In the 1970's, William Eggleston made a photograph in Memphis Tennessee containing the small details of a home's front door and a basketful of posies. Dappled light flitters across the surface revealing textures of paint and rust. The image stops me in my tracks. The details so revealing of social class and expectation, of design and decoration; an ordered life within. One morning walking the dog, I was seized by a reincarnation of that moment before me. And I made my own picture in homage.
In Eggleston's picture, there's a scalloped shadow at the top, an embellished mailbox, layers of paint, color patterns and accent trim... In my own picture, the door is new, the mailbox brassy and thin. Like Eggleston's door before it, this door is a common style, ubiquitously available. The elements are evidence of aspirations and expedience, and I appreciate the way Eggleston draws us to them, encapsulating in his frame a host of elements of place and time.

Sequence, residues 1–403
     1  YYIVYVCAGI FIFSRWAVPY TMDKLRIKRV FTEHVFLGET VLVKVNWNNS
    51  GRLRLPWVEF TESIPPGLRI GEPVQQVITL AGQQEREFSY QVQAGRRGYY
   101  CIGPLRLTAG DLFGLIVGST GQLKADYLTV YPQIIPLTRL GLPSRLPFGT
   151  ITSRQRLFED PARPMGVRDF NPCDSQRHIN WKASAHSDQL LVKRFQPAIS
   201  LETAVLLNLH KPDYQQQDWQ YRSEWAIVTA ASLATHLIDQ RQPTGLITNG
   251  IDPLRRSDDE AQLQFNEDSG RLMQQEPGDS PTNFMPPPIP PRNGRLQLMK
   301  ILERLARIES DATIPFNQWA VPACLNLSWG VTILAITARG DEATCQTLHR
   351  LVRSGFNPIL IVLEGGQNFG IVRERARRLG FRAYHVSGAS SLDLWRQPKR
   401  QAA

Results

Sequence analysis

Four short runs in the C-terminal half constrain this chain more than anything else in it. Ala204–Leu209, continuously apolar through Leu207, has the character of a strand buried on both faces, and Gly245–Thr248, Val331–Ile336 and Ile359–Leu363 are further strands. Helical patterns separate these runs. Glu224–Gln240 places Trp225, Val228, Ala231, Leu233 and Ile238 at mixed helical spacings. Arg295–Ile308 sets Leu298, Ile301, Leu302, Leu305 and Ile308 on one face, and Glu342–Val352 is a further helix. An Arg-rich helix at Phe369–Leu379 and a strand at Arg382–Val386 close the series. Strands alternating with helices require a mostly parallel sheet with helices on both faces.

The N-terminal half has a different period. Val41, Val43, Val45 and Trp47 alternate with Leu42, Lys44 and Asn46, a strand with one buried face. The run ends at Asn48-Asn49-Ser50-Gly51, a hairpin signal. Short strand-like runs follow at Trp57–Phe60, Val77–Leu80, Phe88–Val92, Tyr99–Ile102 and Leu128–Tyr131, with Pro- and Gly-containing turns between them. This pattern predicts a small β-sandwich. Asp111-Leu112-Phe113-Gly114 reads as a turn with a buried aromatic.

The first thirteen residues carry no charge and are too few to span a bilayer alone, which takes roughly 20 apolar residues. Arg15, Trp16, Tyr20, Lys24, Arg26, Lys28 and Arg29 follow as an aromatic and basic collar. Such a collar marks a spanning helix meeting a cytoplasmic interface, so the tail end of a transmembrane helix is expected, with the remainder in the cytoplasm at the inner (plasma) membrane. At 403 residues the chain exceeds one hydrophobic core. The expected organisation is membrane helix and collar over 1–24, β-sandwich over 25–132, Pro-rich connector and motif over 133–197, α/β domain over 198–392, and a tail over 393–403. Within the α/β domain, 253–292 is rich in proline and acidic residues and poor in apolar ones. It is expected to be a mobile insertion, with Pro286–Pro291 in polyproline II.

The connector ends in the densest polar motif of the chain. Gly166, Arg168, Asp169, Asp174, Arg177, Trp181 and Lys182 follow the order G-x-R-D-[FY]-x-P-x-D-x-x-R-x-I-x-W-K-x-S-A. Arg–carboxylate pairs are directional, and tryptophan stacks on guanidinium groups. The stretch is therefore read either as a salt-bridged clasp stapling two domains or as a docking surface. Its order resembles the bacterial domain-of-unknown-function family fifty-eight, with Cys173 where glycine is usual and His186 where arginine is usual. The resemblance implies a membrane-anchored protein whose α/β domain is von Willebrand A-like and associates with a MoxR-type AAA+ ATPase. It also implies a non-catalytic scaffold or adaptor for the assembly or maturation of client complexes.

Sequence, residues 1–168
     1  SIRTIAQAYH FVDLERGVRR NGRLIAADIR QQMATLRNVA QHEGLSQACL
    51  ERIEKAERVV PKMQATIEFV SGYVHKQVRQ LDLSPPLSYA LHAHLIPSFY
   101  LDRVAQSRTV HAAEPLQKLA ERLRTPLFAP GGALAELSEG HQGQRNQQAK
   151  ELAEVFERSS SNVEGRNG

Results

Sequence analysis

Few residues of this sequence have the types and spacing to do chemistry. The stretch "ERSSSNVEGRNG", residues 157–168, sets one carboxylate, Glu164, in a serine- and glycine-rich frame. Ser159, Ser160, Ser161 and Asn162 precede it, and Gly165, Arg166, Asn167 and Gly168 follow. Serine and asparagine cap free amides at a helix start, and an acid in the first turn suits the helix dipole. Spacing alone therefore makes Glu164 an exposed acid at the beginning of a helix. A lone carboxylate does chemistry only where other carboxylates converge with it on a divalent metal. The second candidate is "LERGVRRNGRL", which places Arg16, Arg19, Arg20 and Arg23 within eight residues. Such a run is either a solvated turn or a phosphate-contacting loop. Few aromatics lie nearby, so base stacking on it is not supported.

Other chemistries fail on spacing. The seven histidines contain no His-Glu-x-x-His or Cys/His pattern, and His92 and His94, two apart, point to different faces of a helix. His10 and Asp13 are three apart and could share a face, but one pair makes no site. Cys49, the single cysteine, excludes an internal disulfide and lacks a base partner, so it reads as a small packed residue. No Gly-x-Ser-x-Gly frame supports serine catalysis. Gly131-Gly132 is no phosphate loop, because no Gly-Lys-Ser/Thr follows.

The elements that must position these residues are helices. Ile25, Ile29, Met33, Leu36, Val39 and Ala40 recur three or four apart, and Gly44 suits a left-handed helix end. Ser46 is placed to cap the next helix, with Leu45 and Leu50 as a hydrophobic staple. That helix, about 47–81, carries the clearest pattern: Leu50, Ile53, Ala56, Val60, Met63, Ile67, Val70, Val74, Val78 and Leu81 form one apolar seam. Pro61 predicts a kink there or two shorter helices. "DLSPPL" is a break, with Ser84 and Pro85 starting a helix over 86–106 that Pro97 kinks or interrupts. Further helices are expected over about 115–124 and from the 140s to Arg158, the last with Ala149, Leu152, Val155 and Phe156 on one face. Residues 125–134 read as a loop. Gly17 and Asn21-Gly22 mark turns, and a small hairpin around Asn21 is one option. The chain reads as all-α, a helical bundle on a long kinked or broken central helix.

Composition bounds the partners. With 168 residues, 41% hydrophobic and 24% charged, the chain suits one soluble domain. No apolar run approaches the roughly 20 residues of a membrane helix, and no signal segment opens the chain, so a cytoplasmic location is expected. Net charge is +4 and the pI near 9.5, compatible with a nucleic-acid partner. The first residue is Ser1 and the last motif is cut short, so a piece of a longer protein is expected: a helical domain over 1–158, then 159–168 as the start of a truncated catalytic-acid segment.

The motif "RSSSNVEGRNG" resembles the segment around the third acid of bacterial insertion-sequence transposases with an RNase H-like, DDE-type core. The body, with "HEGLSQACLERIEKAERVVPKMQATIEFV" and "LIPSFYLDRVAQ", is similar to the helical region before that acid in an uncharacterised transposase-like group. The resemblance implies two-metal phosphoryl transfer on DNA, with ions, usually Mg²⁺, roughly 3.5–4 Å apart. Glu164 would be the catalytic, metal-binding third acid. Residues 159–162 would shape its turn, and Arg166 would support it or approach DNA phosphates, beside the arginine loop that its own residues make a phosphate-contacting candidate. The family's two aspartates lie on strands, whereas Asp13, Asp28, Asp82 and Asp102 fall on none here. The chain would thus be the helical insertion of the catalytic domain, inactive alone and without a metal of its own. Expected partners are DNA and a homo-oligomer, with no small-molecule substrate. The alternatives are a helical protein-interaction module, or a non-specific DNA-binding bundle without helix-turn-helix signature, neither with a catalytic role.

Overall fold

Wm Eggleston's picture appeared on page 17 of his ground-breaking book William Eggleston's Guide published in 1979 by the Museum of Modern Art. The book cataloged MOMA's first one-person exhibition of color photography; Eggleston's photographs made around his southern 'neighborland' of Memphis.
It's nearly impossible to grasp what that exhibition meant; the deep suspicions trained upon color in photography at the time. Read a review on PhotoEye about the book. And this post on Slate by Jim Lewis. To the discussion I add a small experience of my own. Nearly a decade after The Guide, the Walker Art Center organized "On the Line: The New Color Photojournalism" an exhibition that wrestled with color in photography. I visited the show with my then two-year-old niece. The presence of her young eyes beside mine as I viewed the images contextualized their questions -- questions with which we still wrestle -- about war and violence and poverty. The issue of whether these questions can be contended with in color just never came up.